Delta Airlines’ Ban On Pit Bull Breed Service Dogs Conflicts With ADA Policies

Pit bulls serving as service dogs are the unfortunate casualties of Delta's new policy.

Delta Airlines' ban on pit bulls appear to be a violation of ADA policies.
Natthapot Chantaraviboon / Shutterstock

Pit bulls serving as service dogs are the unfortunate casualties of Delta's new policy.

Delta Airlines has banned Pit Bull breed service dogs on its flights. The new service and support animal policy directly conflicts with the policies of the American Disabilities Act.

According to Delta’s official website, the airline has decided to uphold the ban on Pit Bull breeds due to safety concerns in which a number of employees and some passengers were bitten by dogs. As per the article, reports of incidents with service or support animals have increased by 84 percent.

Delta’s article fails to connect the increased incidents with actual service dogs of any breed, including pit bulls. The airline cites one instance in which a passenger was bitten by a 70-pound dog during a flight as proof of an incident. As a Washington Post reveals, however, the 70-pound dog was a Labrador mix and was not a service animal but an emotional support animal. The ADA does not consider emotional support animals as service animals.

Delta’s new policy opposes the ADA’s own policies on service animal breeds. According to the American Disabilities Act, any type of dog breed can be a service animal. Based on the official FAQ page dedicated to service animals and the ADA, persons with disabilities cannot be refused access to a facility on the basis of their service animal’s breed. In fact, even municipality ordinances cannot ban service dogs of specific breeds.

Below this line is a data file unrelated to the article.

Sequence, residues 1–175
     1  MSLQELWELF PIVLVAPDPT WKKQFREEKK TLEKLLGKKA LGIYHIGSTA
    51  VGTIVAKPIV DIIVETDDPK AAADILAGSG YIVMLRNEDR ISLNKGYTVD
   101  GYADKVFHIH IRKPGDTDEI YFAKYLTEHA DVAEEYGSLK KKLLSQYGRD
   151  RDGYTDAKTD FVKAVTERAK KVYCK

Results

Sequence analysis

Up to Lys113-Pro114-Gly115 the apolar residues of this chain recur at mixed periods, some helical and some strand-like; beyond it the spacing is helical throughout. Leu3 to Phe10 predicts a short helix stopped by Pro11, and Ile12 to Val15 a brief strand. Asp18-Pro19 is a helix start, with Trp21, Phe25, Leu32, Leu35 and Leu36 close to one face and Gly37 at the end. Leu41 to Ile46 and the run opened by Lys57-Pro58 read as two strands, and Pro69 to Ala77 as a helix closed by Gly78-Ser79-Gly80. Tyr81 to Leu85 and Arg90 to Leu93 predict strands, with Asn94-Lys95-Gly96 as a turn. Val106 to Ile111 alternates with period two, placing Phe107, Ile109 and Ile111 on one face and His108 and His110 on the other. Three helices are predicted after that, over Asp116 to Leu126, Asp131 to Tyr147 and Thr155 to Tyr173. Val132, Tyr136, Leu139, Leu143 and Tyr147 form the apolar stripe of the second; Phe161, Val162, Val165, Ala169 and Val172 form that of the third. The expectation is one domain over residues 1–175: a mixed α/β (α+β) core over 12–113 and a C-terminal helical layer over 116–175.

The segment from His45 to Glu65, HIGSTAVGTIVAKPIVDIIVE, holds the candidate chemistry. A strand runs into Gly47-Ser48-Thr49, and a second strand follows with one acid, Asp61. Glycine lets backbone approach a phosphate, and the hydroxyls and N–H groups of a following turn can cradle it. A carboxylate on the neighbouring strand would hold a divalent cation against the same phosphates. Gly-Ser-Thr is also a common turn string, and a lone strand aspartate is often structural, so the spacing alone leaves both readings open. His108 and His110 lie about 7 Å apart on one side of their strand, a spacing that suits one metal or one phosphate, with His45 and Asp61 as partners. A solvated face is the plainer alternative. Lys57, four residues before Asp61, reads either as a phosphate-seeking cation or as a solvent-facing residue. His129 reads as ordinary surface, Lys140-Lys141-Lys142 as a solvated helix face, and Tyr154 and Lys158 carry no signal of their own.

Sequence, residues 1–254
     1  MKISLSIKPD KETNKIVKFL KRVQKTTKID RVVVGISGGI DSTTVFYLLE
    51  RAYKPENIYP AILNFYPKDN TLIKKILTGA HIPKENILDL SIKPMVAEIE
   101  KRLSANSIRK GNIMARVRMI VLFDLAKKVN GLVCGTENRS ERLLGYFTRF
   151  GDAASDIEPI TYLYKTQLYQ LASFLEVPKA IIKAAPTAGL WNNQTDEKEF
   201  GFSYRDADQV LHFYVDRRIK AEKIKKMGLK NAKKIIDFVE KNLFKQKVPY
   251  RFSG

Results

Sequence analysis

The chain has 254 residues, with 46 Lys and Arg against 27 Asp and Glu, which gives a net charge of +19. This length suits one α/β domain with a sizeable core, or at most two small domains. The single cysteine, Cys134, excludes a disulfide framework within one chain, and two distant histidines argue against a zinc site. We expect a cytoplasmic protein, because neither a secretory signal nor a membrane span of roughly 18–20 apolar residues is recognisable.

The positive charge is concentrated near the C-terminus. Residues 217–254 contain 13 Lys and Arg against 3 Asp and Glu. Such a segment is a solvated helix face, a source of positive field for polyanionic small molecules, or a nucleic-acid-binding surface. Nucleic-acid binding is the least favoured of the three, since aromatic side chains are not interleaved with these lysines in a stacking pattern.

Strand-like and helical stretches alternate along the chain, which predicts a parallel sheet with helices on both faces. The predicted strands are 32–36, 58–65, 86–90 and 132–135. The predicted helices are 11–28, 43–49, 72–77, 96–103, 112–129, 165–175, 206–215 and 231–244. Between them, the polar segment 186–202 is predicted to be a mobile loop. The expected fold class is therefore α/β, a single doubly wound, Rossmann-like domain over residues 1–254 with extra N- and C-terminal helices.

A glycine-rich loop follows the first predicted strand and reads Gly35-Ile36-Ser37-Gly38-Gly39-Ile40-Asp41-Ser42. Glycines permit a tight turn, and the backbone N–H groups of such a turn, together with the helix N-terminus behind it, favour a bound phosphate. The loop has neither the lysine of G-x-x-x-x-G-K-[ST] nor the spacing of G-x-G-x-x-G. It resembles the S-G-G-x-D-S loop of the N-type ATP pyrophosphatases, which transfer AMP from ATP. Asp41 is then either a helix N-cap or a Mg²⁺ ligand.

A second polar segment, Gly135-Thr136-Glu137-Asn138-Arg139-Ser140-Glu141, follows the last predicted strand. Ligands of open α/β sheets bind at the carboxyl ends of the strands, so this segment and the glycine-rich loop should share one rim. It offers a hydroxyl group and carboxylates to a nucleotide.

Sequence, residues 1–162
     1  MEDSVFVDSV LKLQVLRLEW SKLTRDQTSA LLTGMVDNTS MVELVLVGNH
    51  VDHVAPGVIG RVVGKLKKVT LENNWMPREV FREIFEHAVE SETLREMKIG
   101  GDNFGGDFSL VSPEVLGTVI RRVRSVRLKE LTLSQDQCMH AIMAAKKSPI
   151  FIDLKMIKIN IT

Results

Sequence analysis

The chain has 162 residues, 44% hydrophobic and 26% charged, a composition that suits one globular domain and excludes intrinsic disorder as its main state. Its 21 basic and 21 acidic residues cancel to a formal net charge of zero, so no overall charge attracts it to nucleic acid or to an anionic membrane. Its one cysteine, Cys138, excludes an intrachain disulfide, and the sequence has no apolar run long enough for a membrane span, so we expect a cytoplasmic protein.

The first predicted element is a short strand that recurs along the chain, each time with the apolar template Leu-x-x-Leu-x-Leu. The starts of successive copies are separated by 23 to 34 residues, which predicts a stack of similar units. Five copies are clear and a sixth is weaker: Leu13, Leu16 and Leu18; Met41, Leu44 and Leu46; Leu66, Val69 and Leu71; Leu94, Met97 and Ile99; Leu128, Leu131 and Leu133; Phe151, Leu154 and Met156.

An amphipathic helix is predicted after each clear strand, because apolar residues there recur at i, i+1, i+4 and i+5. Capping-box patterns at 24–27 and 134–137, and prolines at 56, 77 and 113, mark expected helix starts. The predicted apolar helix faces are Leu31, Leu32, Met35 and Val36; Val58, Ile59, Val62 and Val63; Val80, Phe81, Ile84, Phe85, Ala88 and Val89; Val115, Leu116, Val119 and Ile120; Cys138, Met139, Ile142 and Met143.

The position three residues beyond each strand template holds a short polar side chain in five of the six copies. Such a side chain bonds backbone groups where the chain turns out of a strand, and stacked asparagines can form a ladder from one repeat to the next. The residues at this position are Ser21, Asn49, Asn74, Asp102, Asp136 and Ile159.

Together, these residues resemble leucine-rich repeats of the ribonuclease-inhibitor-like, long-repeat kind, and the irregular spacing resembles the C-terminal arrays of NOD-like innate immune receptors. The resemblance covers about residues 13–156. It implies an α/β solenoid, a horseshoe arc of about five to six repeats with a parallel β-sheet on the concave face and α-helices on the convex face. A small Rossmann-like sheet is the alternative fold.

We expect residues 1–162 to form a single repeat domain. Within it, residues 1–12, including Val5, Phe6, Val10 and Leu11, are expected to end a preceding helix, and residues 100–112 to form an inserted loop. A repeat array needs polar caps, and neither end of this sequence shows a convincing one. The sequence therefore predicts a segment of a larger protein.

However, the ADA does recognize that some service dogs, regardless of breed, can get restless sometimes and upholds the service providers’ rights to ban or prevent the said animal. The exclusion of a service animal must be based on the specific animal’s perceived actions and temperament as well as the handler’s control of the animal.

There is one statement in the ADA-dedicated FAQ page that directly conflicts with Delta’s new policy.

“Under the ‘direct threat’ provisions of the ADA, local jurisdictions need to determine, on a case-by-case basis, whether a particular service animal can be excluded based on that particular animal’s actual behavior or history, but they may not exclude a service animal because of fears or generalizations about how an animal or breed might behave.”

Despite the conflict, Delta does have the right to uphold its new policy. According to The Huffington Post, commercial airlines are exempt from ADA rules because they have their own set of guidelines under the Air Carrier Access Act. Under the ACAA, airlines have the right to ban service animals that may be a threat to the health and safety of passengers. How airlines decide whether a service animal or its specific breed is a threat has not really been clarified to date unknown.